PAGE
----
I am currently in Orlando at the Exchange Summit and I certainly welcome others input here.

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Voices (6)

  1. Robert Kramer:

    David, good post, I think you’re asking a very important question here. To look at it in another way, where is the Supply Chain Finance market in Gartner’s Hype Cycle? Has, or even can, SCF “cross the chasm” as Geoffrey Moore would put it.

    Back in 2012, when I was with PrimeRevenue, I thought Supply Chain Finance was at the “Peak of Inflated Expectations” and now it seems like the market is in the “Trough of Disillusionment”. Rather than looking at providers like Tungsten, I think you get a better feel for the market by looking at the leaders in SCF like the banks, PrimeRevenue, Orbian and, perhaps more importantly, results achieved by corporates.

    Corporate results are a mixed bag but show that SCF will become “more substantial”. Having implemented successful Supply Chain Finance programs, I’ve seen firsthand how getting it right provides strategic value. Kellogg’s said they generated at least $300 Million in cash flow from their “SCF” initiative in a single year and DuPont generated $2.3 Billion. That’s a lot more than a rounding error! Unfortunately, success stories like these are all too rare and, as you noted, recent market entrants like the P2P providers have very little to show for their SCF investments.

    I think you’re getting at the heart of the matter when you discuss the complexity and the lack of expertise among SCF providers. There is a huge gap between what most are selling and what corporates want to buy. Despite the marketing pitches, most vendors provide only a supplier financing solution. However, corporates want a payment term optimization solution. This has a host of implications for how you sell, design and implement Supply Chain Finance.

    So, what will it take to “make this market more substantial”? As both Moore and Gartner would tell us, Supply Chain Finance will remain in the Trough of Disillusionment until suppliers have a “whole product solution”, a complete solution that meets the corporate’s buying objectives. This includes changes in both go-to-market and implementation practices. We’re not there yet, but the value proposition from Supply Chain Finance is so compelling that it’s just a matter of time.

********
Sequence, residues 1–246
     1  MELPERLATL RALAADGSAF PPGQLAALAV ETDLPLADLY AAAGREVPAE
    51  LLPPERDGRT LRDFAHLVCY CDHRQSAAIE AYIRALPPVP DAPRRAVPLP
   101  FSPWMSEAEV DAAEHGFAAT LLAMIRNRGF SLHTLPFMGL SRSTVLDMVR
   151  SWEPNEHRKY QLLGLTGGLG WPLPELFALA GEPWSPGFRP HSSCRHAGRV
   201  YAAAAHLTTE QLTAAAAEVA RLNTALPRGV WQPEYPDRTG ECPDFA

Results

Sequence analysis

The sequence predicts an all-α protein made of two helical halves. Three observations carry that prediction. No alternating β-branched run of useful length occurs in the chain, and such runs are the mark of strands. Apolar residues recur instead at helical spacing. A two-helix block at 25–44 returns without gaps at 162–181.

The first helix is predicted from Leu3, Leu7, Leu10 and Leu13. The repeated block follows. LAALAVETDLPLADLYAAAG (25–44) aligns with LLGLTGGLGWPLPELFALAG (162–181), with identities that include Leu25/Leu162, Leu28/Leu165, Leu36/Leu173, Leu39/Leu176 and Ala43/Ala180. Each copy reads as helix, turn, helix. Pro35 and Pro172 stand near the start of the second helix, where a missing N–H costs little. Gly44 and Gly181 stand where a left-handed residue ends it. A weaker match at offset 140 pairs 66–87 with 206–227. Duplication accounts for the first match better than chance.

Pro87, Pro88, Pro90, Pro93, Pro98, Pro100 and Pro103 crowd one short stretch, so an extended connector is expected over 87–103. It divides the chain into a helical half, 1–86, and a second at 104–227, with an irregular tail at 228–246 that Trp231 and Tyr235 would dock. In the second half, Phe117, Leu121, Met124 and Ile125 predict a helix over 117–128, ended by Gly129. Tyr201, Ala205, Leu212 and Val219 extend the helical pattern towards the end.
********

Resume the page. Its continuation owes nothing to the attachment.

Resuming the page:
Bob Kramer
    Partner, Capgenta

    1. David Gustin:

      Thanks Bob,

      Very thoughtful.

      No doubt, reverse factoring benefits big buyers directly by extending their payment metric of DPO. Many companies will measure how much spend per cost of good sold has been successfully extended terms through the program.

      But the impossible data to collect or measure is how does term extension come back in higher prices.

      A vendor told me, “We tried to do that and its really, really hard.” Another vendor told me that while they have analyzed well over $1 trillion in corporate spend, they were not able to do this.

      1. Bob Kramer:

        Hey David,

        Yes, I was just looking at that post. I think it’s farily easy to obtain the data required to examine the impact of term extensions on pricng, “Buyer’s” know which suppliers received extended terms and they can analyze the pricing impact, if any, experienced with those suppliers.

        Most current SCF vendors won’t have the data though because they don’t have pricing data, unless they get it secondarily from the buyer as part of the provider’s implementation process.

        Bob Kramer
        Partner, Capgenta

  2. martin mccann:

    Though Provoking article and great market update, thank you David. I can’t help thinking that the issue is lack of lateral thinking. Most solutions originate from either the finance or the technology perspective and inherit the existing constraints of that approach.In essence no one is designing a cashflow solution specifically for growth businesses. Everyone appears to be shoehorning existing trade finance strategies into this new opportunity.

    If you broaden the scope to include supply chain procurement processes and organisational design, specifically in AP, finance and Procurement (as noted by Michel’s comment) the focus becomes very different. I’m 100% certain we can design a technical solution that is scalable, but market adoption may well require a broader coalition of the willing as you state. This would become essentially a massive cross-industry change program and that rarely happens without disruption or legislation.

  3. Pierre Mitchell:

    Excellent post David. I think you nailed it. I would also add that Finance are not exactly early adopters and the CFO is likely chasing the squeakiest wheel, and this one isn’t squeaking too loud relative to other priorities (and relative to myopic metrics such as DPO rather than EVA/etc). Hopefully the proverbial pay-me-now ‘easy button’ will become a mindset rather than software functionality.

  4. Michel Kilzi:

    The market dynamics are changing with time. Fintech players are contributing to such change, but the business world, need more awareness in terms of really prioritizing Working Capital Optimization and accordingly differentiate between a simple financing mechanism, and a strategic track that will reshape the company entire working capital and thus it’s cash flow. More synergy alignment is essential between procurement, Finance and treasury….